So as soon as I caught wind that people were finding out, I sent her a really nice, apologetic text telling her my news as well as restating how much she means to me. I told her I was sorry if she’d heard from someone else and re-explained that it’s just really difficult to talk about this subject to anyone, even friends, etc., etc., etc.
Although she replied nicely, I’m worried (sort of) that she’s hurt/angry, as it’s been several weeks, and we haven’t communicated since… Of course given my working arrangement, this isn’t completely abnormal, but it isn’t necessarily normal either. It isn’t as though I expect anything more out of her, it’s just that the events that have transpired make me wonder… Others who have found out have been generally supportive and say they understand my need for secrecy, which I appreciate, but this particular person has historically been closer to me, so I’m not sure if expectations might have been different here…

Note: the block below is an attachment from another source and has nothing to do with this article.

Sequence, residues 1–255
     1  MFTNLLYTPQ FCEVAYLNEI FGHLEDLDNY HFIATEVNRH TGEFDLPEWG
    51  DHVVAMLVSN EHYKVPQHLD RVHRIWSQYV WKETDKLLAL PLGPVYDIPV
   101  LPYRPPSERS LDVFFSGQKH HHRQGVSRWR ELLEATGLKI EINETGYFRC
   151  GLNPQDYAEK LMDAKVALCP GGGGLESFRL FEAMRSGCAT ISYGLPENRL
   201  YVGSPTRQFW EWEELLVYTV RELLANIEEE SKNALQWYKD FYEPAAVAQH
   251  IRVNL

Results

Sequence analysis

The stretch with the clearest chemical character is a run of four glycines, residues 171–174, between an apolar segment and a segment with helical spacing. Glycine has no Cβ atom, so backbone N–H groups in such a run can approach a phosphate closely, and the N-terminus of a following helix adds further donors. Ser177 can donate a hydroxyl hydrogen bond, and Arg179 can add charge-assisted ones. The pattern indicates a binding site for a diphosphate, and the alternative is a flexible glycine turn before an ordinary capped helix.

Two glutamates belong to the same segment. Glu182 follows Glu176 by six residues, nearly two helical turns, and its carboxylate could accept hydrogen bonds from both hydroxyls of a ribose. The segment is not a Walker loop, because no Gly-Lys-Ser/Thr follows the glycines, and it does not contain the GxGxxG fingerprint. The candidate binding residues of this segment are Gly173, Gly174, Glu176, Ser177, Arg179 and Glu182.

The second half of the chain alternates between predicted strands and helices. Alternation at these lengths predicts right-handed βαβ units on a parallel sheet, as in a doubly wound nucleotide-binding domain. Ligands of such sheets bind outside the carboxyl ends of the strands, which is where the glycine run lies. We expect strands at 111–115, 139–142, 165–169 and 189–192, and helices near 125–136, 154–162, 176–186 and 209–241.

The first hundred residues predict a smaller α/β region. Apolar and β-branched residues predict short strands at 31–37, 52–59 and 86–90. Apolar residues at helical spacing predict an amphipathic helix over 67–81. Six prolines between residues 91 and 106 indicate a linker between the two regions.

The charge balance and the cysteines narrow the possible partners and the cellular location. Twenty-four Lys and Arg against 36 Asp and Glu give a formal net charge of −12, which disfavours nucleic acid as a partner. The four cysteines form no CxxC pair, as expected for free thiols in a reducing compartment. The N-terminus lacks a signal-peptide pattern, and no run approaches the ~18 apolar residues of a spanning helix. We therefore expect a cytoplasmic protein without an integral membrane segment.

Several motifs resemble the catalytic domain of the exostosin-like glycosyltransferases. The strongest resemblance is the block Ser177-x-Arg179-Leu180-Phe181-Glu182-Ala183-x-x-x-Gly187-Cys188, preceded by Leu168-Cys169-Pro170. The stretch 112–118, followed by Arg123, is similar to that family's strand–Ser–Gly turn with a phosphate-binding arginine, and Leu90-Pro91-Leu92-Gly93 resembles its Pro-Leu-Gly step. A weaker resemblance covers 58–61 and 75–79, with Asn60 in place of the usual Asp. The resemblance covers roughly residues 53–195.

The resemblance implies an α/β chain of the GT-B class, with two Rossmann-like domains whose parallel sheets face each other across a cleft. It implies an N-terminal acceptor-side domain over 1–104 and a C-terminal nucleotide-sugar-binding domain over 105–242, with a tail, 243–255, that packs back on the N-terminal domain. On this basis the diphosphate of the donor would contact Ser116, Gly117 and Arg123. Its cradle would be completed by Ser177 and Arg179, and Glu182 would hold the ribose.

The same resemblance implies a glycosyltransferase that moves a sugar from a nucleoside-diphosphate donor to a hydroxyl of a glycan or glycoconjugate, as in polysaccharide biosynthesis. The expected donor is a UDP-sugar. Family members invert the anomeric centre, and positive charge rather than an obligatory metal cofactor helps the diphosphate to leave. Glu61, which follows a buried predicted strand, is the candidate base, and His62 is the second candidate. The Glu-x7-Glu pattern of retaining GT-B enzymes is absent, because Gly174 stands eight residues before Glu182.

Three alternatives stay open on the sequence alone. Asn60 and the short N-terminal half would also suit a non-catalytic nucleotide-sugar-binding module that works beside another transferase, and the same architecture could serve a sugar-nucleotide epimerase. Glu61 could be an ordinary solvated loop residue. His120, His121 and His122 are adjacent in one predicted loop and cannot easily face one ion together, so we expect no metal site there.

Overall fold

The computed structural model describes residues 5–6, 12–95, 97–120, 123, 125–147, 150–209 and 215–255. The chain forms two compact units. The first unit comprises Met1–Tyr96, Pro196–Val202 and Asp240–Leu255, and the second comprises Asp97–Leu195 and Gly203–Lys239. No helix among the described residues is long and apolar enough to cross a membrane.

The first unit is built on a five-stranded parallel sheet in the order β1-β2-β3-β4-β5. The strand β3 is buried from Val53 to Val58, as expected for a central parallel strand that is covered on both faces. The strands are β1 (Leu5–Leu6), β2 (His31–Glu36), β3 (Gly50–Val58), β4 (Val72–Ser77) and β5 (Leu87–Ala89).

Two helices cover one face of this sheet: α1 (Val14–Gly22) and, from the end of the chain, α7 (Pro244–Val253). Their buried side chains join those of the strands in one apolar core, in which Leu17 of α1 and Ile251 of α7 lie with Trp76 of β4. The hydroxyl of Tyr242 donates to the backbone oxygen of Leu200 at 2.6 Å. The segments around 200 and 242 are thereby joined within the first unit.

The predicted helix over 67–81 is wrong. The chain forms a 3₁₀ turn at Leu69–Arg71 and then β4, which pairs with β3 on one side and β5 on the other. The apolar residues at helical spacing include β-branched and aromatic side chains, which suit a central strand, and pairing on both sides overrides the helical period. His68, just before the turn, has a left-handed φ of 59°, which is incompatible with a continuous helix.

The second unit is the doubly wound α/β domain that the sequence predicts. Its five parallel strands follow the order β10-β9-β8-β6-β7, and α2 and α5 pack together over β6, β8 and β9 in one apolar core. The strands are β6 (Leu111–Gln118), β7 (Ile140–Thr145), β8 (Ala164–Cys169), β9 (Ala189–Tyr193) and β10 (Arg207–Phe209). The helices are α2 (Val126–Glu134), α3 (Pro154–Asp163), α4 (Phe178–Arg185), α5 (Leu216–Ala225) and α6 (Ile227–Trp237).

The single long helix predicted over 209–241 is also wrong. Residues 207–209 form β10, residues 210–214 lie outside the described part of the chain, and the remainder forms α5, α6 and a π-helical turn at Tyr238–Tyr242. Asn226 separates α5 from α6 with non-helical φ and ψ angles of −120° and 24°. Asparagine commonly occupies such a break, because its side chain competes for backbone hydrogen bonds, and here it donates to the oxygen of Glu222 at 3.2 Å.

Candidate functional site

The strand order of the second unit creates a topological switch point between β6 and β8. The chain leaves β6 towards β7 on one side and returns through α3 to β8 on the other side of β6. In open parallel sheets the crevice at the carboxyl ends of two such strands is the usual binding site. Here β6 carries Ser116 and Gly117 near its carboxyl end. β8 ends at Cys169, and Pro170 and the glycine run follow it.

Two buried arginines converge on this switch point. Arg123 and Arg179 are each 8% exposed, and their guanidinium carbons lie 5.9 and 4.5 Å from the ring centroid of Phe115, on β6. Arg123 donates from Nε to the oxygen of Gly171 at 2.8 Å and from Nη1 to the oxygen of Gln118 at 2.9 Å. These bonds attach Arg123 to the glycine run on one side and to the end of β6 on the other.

And now I’m also questioning whether I’ve handled any of this correctly at all… Not that this should be at the top of my list of concerns (it isn’t), or that I’ve felt fully in control of it (see above – I haven’t), or that there is a correct/incorrect way to handle trauma (there isn’t)… It’s just, sometimes I wish that, rather than hiding, potentially alienating myself, I could have been, or in the future still could be, someone who was/is able to reintegrate back into society more smoothly, partially so I could openly discuss Matthew and his death and its effects on me… But instead, sometimes I feel like my own shame and silence is only perpetuating the shame and silence already surrounding this topic.